Join us as we challenge the “conventional wisdom” on aging with the Reframing Aging Initiative — a long-term social change endeavor designed to improve the public’s understanding of what aging means and the many ways that older people contribute to our society.

Ultimately, this greater understanding will counter ageism and guide our nation’s approach to ensuring supportive policies and programs for us all as we move through the life course.

Read GSA's press release about the launch of the initiative and follow us on Twitter @ReframingAging.

Key Concepts: Why We Need This Work

While changing cultural perceptions is not easy, the alternative is to acquiesce to an unacceptable status quo that undermines our ability to build support for aging-friendly policies, necessary research investments, and the future of our every-generation-nation. Let’s change the 'conventional wisdom' on aging together.

—James C. Appleby, GSA CEO

Widespread misunderstanding about the aging process and lack of information about how older people contribute to society have led to pervasive ageism. Research by the FrameWorks Institute found that the public believes aging is synonymous with decline and dependency, and that the aging process is a battle to be fought.

Those of us in the field of aging know that “age is just a number” and that, with systems in place to support wellbeing in later life, our society can benefit from the longevity dividend offered by our aging population.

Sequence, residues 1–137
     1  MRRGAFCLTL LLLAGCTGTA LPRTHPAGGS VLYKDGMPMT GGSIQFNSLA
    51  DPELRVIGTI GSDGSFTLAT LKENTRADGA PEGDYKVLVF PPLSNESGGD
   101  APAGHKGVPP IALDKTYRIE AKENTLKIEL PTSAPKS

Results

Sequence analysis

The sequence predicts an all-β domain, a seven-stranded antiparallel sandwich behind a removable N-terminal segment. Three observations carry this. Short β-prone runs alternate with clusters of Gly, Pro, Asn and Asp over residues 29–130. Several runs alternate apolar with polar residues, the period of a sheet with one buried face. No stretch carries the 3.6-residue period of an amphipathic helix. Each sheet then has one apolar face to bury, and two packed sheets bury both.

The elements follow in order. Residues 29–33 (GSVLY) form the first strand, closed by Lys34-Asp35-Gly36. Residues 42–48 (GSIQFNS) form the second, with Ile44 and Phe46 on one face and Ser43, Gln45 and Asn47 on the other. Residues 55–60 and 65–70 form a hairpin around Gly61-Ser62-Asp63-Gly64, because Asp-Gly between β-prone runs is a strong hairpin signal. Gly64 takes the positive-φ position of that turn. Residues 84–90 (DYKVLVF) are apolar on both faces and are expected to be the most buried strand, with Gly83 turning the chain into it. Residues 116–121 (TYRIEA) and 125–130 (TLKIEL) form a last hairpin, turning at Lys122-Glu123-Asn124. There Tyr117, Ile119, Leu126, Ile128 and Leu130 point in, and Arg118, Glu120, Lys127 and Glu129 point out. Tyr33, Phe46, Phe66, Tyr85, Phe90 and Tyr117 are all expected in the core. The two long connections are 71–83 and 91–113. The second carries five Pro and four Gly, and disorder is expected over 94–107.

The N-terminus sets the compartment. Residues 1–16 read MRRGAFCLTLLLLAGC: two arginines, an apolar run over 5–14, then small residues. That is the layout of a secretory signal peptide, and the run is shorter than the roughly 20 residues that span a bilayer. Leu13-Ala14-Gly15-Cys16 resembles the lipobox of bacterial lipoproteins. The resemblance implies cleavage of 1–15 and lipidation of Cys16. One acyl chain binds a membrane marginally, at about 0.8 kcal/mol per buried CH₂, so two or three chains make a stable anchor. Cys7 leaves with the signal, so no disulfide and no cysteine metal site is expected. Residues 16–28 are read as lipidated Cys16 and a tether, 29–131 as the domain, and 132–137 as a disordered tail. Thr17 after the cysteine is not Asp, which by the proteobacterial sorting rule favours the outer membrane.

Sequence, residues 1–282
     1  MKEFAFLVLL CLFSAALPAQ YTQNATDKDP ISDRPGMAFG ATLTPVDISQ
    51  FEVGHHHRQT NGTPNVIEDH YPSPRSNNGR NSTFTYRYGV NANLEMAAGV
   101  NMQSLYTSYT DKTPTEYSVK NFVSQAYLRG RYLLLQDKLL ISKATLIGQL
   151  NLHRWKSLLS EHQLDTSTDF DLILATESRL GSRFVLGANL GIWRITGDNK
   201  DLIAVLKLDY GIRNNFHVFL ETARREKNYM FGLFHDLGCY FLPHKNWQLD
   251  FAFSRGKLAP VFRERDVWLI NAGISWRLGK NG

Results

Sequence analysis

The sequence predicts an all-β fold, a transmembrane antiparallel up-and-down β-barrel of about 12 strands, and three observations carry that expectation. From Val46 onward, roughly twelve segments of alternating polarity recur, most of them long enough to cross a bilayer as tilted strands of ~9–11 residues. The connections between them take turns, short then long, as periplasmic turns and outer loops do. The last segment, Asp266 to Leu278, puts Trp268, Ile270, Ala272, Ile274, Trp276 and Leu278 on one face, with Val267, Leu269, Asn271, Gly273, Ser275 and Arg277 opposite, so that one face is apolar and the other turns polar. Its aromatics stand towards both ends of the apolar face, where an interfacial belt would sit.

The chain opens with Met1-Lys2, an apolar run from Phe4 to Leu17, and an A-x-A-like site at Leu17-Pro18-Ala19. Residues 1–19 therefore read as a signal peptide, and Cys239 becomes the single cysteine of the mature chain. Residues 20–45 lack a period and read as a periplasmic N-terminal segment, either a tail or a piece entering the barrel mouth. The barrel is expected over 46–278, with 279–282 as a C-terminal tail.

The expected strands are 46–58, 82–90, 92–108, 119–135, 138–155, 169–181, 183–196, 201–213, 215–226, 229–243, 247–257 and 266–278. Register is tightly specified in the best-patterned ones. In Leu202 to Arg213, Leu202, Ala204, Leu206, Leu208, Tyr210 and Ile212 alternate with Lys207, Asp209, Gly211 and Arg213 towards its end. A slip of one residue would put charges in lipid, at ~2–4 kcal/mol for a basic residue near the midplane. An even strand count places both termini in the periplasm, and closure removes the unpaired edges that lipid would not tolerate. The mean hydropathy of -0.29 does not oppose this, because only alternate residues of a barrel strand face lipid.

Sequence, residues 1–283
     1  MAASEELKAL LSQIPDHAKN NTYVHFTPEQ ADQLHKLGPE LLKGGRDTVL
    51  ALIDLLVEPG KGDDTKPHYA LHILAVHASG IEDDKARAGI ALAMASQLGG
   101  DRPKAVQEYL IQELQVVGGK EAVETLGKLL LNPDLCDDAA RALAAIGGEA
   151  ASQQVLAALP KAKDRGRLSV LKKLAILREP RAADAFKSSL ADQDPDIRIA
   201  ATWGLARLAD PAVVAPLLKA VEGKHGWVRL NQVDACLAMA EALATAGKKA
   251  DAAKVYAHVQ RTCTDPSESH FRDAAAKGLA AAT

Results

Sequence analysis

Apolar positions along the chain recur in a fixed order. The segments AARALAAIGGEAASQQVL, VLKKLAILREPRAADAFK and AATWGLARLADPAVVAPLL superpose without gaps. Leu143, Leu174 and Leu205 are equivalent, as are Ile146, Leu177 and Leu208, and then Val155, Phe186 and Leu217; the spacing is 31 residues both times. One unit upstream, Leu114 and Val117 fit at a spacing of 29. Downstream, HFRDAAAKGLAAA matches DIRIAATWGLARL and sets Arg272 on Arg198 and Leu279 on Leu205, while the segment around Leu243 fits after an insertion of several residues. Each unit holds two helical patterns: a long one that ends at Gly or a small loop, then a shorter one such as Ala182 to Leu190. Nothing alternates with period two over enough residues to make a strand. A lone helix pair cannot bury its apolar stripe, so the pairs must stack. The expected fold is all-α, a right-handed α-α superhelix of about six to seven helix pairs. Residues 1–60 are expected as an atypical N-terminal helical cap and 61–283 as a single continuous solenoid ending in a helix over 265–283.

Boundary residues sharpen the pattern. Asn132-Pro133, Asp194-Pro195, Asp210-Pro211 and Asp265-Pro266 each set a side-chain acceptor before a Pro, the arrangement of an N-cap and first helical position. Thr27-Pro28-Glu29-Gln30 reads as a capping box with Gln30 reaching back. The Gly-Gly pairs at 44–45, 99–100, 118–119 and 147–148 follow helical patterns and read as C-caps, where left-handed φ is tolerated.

For a quick, two-minute overview of the key concepts behind the initiative, start with this interview of Julie Sweetland of FrameWorks Institute recorded at the IAGG World Congress hosted by GSA in 2017.

Read further to find out how you can change the conversation, be more persuasive, answer ageism, and influence public understanding to create a more just, inclusive, and age-friendly society.

Change the Conversation

 Reframing aging relies on tested strategies and evidence-informed tools that have been found to reduce implicit bias against older people.

  • Gaining Momentum:Learn how to reframe conversations about aging with this toolkit.

gainingmomentum web

Individuals: Learn more with the communications toolkit Gaining Momentum and the video series Reframing Aging and Ageism. Contact us with questions about resources, trainings, and technical assistance at This email address is being protected from spambots. You need JavaScript enabled to view it..

Aging Organizations: To learn about opportunities for workshops and presentations to your staff, board of directors, or conference attendees, please contact Project Manager Laurie G. Lindberg at This email address is being protected from spambots. You need JavaScript enabled to view it..

Funders: If you are a funder of aging programs and would like to become involved in this ground-breaking initiative, please write to Project Director Trish D’Antonio at This email address is being protected from spambots. You need JavaScript enabled to view it.. There are opportunities for local, regional, and national activities and programs.

Who We Are

The Gerontological Society of America (GSA) partnered with seven national aging organizations to form the Leaders of Aging Organizations (LAO) to address the entrenched ageism in American society. With support from nine funders, the LAO collaborated with the social science research firm FrameWorks Institute to examine exactly what the American public thinks of aging. Research found that the public’s perception of aging is decidedly negative and antithetical to how most older people feel and what experts in the field know to be true.